The 457 plan is similar to the other kinds of retirement plans, except for the fact that it is catering to a different audience. A certain amount of their salary is set aside for this plan, and no tax needs to be paid on it until it’s they decide to withdraw. These plans are best rolled over and basically always rolled over to another 457 accounts. It just might be with a different insurance company like us.
When you do a 457 Rollover with us at Best Life, your new 457 account has a built-in floor. This means that you don’t have to worry about where the market is. You have a starting base and continue from there. In addition to that, your account increases with the market. So, when there are gains in the market, your account participates in these gains.
This is also true of the interest that is accumulated in this plan. As you make your contributions and the market gets better, you still have interest that is adding to your account. Many people like to hear this because they are getting much added into their account at the end of the day, and that means more money than they can withdraw when they retire.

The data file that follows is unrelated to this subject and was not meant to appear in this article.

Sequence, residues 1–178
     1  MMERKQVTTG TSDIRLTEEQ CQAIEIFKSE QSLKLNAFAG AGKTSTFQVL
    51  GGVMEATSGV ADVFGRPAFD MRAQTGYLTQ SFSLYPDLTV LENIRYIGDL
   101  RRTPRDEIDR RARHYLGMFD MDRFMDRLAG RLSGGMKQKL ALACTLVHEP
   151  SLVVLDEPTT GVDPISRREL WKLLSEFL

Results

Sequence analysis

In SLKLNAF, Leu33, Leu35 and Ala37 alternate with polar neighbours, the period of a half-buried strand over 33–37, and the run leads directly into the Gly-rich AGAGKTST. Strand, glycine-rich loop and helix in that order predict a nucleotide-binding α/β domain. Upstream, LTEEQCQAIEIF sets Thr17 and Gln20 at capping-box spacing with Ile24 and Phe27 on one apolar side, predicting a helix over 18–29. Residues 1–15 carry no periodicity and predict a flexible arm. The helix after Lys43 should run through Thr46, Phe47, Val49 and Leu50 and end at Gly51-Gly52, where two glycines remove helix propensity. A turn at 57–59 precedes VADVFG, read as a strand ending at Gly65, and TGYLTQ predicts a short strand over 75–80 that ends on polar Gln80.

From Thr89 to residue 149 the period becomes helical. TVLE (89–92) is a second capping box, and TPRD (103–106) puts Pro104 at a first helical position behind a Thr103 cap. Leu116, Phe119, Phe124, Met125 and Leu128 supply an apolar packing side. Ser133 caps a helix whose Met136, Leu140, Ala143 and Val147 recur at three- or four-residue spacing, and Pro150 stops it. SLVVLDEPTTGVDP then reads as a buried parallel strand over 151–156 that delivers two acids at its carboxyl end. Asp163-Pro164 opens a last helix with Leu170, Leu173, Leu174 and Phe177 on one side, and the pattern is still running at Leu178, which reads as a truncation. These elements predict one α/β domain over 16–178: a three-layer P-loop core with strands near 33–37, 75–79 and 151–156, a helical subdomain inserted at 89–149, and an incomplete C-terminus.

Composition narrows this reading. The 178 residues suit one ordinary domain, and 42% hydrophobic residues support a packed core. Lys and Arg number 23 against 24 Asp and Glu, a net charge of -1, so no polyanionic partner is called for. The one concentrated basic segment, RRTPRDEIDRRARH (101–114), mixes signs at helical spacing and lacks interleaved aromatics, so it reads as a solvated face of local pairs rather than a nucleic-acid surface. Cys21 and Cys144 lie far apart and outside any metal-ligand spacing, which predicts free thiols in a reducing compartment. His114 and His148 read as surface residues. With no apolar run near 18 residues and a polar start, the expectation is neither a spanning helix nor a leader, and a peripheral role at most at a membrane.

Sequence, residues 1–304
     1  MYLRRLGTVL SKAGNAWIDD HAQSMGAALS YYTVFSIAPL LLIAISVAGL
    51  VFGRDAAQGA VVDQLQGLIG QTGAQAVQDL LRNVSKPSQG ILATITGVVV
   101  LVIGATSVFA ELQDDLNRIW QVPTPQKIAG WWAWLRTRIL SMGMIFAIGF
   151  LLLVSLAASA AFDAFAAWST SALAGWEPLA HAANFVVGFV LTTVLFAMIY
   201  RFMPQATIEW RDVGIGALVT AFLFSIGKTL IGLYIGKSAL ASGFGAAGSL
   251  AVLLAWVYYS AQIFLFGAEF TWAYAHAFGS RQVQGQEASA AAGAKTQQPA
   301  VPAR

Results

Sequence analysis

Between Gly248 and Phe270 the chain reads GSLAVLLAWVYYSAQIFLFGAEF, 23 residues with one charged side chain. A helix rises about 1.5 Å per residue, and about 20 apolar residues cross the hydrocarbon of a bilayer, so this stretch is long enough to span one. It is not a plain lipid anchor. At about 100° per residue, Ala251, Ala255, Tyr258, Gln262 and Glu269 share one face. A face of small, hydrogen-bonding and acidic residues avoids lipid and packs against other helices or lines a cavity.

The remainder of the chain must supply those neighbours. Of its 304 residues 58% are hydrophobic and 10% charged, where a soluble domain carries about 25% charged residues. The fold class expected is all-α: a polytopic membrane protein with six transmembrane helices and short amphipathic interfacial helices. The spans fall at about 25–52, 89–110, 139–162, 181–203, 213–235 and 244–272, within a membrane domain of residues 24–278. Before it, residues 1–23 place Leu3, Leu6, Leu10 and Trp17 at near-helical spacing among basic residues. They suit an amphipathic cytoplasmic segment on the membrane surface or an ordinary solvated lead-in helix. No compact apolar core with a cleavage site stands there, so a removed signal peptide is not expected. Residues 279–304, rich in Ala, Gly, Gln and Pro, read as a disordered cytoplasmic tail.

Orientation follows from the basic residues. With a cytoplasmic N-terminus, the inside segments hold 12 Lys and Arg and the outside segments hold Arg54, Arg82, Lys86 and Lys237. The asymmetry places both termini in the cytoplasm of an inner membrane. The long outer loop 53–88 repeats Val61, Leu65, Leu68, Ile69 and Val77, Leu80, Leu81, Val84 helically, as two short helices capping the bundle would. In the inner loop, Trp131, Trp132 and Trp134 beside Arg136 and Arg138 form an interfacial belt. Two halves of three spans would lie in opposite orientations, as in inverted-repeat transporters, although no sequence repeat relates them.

Contribution and Rules
Like 401ks and 403Bs, participants can contribute to their 457 plans. The restrictions for this are a little different than the others, though. It is a little more lenient, and more can be added to it than others. The maximum contribution does change year to year, so you want to ask your insurance agent what the new contribution amount is every year.
Participants can contribute up to 100% of their salary if they would like, as long as it does not go past the maximum contribution limit.
Something that is kind of interesting about this plan is after the age of 50; the contribution amount increases by a couple of thousand dollars. This is a catch-up contribution for those who have not withdrawn yet.
In addition, you should be aware that there needs to be a withdraw from the account by the age of 72. It doesn’t need to be the whole amount, but at least the minimum needs to be withdrawn. This is just a rule that is there to make sure your money is not just sitting. It’s for retirement, so once you retire, you can be withdrawing from it. The minimum age to start withdrawing is 59 ½, like other plans.